I outline, but I'm not married to my outline so I tend to throw it out when the story grows differently than I anticipated, which happens a lot. So either I'm not a very good outliner or I'm just not very committed to it.

I also tend to outline and re-outline differently depending on what point in the novel I am at. When I'm having a very tough time, I pull out the note cards and highlighters and post-it notes and go old school.

Erica Mitchell-Spickard said...

I draw out the broad strokes of my story now. I used to pants it but I would stray so far from the original idea that I could only come back to the point by taking a massive and often absurd detour through back story or some other random event.
I decided at some point, I needed some sort of outline. I tried index cards, I tried big poster boards, sribbled down notes in a journal and even did a bullet outline on Word. NONE of that worked for me, and I had to wonder why neither approached worked. Then it dawned on me. I am a visual learner and writing it down as notes doesn't work, drawing it does. So I have doodle upon doodle of scenes then I correspond them to an index card system and voila, I have enough of an outline to keep me on track.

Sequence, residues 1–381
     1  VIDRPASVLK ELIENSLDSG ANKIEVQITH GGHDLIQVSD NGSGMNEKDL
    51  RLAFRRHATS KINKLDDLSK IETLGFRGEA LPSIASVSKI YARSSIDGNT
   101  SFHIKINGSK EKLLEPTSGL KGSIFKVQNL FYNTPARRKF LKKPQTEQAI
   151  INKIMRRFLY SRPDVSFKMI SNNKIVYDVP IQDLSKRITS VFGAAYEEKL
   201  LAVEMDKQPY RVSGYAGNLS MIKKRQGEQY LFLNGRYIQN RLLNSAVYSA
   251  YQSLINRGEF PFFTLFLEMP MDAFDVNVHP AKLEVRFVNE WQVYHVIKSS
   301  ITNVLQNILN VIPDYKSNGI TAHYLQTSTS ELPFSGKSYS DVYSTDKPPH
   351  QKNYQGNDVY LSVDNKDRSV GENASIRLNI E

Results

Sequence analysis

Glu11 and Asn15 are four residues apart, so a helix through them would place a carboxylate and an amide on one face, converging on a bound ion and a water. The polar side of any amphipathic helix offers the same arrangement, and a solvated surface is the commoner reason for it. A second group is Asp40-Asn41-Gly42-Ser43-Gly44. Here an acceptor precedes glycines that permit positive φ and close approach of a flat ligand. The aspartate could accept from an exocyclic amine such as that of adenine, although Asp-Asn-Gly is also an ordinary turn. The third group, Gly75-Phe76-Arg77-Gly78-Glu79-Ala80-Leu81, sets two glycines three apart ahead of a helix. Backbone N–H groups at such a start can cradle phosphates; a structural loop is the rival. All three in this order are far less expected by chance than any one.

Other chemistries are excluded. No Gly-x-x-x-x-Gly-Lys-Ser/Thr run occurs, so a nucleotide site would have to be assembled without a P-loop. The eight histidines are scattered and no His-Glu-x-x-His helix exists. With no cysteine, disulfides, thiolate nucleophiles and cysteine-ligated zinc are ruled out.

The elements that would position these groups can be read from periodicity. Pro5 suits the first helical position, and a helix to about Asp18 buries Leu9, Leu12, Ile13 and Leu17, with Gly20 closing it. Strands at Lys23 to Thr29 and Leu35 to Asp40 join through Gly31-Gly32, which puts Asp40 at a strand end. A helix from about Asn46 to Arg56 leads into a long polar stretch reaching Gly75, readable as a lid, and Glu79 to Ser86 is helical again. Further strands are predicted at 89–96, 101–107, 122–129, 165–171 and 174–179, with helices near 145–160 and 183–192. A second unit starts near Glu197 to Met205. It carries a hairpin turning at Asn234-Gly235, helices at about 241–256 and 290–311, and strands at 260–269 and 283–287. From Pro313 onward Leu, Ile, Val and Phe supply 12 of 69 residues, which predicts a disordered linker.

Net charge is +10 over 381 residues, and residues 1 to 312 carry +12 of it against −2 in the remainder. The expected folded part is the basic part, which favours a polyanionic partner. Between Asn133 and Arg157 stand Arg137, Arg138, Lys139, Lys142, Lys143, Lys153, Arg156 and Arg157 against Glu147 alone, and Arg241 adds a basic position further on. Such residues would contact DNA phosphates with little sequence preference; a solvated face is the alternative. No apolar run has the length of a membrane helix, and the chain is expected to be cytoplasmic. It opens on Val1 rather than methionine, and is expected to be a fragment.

And I have a word count math equation that keeps me grounded as well. ;)

Jamie Burch said...

Exciting post!

I'm definitely a part of the skivvy crew. I have to outline. It might be the control freak in me. But I do allow room for inspiration and new ideas as I go.

"I'm flying through this novel (for me)."

Love that! So happy for you, Summer!

Teebore said...